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Why Mormonism might not be a problem for Mitt Romney

A poll released Wednesday suggests that a minority of Americans are 'entirely comfortable' with the idea of a Mormon president. But voters' concerns about the problems facing the country might override any concern they have about Mitt Romney's religion.

By Staff writer / June 8, 2011

Republican presidential candidate Mitt Romney greets supporters after speaking at the Faith and Freedom Coalition in Washington June 3.

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The latest Quinnipiac poll reinforces the idea that former Massachusetts Gov. Mitt Romney could face problems over his Mormon faith in his quest for the presidency.

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The poll, released Wednesday, found that only 35 percent of American voters are “entirely comfortable” with the idea of having a president who is a member of the Church of Jesus Christ of Latter-day Saints. That falls well below American comfort levels with a Catholic president (60 percent), Jewish president (55 percent), and Evangelical Christian (43 percent), but ahead of an atheist (24 percent) or a Muslim (21 percent).

Most American presidents have adhered to mainline Protestant religions, with the Catholic President Kennedy being an important, groundbreaking exception.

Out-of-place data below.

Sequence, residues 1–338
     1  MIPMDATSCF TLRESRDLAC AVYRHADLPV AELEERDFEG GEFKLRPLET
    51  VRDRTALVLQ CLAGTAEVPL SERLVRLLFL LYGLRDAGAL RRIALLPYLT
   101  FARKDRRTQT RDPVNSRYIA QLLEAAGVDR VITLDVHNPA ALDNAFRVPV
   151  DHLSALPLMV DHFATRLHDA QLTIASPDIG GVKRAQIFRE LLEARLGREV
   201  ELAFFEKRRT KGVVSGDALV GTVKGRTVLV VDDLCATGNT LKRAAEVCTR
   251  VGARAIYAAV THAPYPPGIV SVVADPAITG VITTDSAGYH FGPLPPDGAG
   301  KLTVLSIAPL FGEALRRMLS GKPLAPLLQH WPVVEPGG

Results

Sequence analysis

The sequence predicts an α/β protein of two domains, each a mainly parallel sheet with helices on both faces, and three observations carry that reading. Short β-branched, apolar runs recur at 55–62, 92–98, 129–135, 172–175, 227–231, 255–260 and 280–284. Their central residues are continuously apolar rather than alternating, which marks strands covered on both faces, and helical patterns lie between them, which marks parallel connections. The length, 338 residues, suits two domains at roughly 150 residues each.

When voters were asked if they have a generally favorable or unfavorable opinion of the Mormon religion, only 45 percent said “favorable,” according to the poll, conducted by the Quinnipiac University Polling Institute in Hamden, Conn. Thirty-two percent said “unfavorable” and 23 percent either didn’t know or gave no answer.

“The fact that less than half of the voters have a favorable view of the religion is likely to be a political issue that Gov. Mitt Romney, and should his campaign catch on, Gov. Jon Huntsman, will have to deal with as they pursue the White House,” writes Peter Brown, the institute’s assistant director.

But it may just be, with all the pressing issues the nation faces, a candidate’s religion will rank far down in the list of priorities when voters go to the polls. The big concerns GOP voters express about Mr. Romney center on his Massachusetts health-care reform and his past policy flip-flops, not his religion.

For both Romney and Mr. Huntsman – like Romney the scion of a wealthy, Mormon family – the faith issue appears less of a problem with Republicans than with Democrats. The Quinnipiac poll found that a slim majority of Republicans – 51 percent – have a favorable opinion of the Mormon religion, versus 39 percent of Democrats. Thirty-one percent of Republicans have a negative view.

In addition, 68 percent of Republicans are comfortable with the idea of a Mormon president, compared with 49 percent of Democrats and 64 percent of independents. One might conclude, then, that Romney’s (or Huntsman’s) Mormon faith would be less of an issue in the GOP primary than in the general election.

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